Academic naming: Changing patterns of noun use in research writing

Ken Hyland, Feng Kevin Jiang

Research output: Contribution to journalArticlepeer-review

7 Citations (Scopus)
98 Downloads (Pure)


In this paper we explore the ways academics name processes as things and how these practices have changed over the past fifty years. Focusing on nominalization, noun-noun sequences, and acronyms, we document an increase in these features across a corpus of 2.2 million words within a consistent set of journals from four disciplines. Our results show that nominalizations and acronyms have increased in all four fields, particularly in applied linguistics and sociology, and that while noun-noun sequences have fallen in electrical engineering, they have risen in the other disciplines, especially sociology. We also suggest that noun-noun phrases have increasingly come to name methodological approaches, rather than concepts or objects, and we seek to account for these changes. We observe that these increases in naming are related to the need for succinctness in modern research writing and the advantages of endowing named objects with a real existence which can then be credited with explanatory authority. We question, however, the appropriacy of these practices for interpretation in the social sciences.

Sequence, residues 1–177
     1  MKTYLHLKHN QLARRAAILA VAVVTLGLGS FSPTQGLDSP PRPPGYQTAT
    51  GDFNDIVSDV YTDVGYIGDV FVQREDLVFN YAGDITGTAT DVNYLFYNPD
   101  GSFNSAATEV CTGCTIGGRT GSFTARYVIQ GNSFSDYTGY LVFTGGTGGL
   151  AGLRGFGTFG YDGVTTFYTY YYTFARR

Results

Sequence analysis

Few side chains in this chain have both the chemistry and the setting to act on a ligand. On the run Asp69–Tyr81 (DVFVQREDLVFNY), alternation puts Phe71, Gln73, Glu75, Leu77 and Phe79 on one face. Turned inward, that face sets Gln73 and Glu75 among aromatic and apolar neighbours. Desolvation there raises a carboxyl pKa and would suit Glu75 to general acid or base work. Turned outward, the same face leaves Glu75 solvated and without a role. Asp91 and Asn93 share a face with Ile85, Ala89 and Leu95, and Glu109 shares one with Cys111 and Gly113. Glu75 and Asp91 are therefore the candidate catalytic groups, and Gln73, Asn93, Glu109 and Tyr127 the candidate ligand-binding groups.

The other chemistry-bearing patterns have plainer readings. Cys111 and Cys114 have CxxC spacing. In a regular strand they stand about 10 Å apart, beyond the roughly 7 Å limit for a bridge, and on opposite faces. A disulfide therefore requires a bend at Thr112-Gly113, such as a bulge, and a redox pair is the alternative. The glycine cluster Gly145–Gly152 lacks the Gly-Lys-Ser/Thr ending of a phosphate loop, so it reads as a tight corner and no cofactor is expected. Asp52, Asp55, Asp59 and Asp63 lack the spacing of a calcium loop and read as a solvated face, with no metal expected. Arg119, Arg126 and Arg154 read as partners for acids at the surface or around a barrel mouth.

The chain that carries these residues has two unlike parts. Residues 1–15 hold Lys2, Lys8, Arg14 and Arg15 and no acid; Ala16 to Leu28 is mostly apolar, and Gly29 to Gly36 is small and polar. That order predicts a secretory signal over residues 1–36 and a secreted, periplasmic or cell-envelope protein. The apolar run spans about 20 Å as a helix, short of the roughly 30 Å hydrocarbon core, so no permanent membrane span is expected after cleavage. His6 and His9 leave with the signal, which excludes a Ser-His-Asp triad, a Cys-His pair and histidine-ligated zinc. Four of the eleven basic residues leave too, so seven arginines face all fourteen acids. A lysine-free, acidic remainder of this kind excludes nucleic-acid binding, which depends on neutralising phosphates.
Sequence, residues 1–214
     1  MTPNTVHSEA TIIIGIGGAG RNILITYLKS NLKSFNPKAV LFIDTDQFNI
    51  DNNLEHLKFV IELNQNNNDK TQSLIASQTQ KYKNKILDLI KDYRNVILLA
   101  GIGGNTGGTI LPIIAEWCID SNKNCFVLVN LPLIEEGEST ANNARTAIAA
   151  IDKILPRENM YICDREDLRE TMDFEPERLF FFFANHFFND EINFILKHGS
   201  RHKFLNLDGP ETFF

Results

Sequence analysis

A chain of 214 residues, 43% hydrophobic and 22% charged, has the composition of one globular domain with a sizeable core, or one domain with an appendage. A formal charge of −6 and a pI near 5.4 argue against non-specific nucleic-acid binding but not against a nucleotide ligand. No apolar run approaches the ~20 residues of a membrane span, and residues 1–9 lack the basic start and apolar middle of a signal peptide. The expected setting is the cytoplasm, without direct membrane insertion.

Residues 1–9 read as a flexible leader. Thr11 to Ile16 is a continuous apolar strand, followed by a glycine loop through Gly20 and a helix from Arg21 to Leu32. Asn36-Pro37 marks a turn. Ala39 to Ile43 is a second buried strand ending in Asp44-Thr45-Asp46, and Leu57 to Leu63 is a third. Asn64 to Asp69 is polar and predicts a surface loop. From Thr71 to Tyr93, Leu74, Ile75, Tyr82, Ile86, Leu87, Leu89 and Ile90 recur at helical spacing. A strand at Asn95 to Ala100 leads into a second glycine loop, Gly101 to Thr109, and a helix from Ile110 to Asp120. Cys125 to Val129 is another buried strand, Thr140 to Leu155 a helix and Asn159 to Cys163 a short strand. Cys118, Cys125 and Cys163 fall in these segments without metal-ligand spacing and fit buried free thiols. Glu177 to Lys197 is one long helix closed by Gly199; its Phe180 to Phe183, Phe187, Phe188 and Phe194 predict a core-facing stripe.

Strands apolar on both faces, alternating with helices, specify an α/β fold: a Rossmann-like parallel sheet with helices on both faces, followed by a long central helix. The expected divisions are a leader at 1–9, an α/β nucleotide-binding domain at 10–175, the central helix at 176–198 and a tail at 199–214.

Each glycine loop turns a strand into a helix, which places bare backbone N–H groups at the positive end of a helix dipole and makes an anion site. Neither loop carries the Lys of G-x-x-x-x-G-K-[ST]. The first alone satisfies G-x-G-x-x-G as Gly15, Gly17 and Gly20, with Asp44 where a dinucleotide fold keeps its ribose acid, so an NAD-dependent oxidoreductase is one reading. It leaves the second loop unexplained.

Original languageEnglish
Pages (from-to)255-282
Number of pages28
JournalJournal of English Linguistics
Issue number3
Early online date9 Jun 2021
Publication statusPublished - 1 Sep 2021


  • Nominalisation
  • acronyms
  • noun phrases
  • corpus analysis
  • academic writing
  • naming practices
  • nominalization

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